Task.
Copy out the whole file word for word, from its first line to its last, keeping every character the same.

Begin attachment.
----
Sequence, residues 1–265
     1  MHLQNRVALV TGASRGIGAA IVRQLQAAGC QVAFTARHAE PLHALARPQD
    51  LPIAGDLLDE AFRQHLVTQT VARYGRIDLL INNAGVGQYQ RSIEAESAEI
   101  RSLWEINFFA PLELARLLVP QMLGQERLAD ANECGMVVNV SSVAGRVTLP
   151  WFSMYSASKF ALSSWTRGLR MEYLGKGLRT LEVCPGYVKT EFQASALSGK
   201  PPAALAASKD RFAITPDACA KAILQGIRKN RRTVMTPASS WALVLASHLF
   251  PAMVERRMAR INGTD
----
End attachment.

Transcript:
Sequence, residues 1–265
     1  MHLQNRVALV TGASRGIGAA IVRQLQAAGC QVAFTARHAE PLHALARPQD
    51  LPIAGDLLDE AFRQHLVTQT VARYGRIDLL INNAGVGQYQ RSIEAESAEI
   101  RSLWEINFFA PLELARLLVP QMLGQERLAD ANECGMVVNV SSVAGRVTLP
   151  WFSMYSASKF ALSSWTRGLR MEYLGKGLRT LEVCPGYVKT EFQASALSGK
   201  PPAALAASKD RFAITPDACA KAILQGIRKN RRTVMTPASS WALVLASHLF
   251  PAMVERRMAR INGTD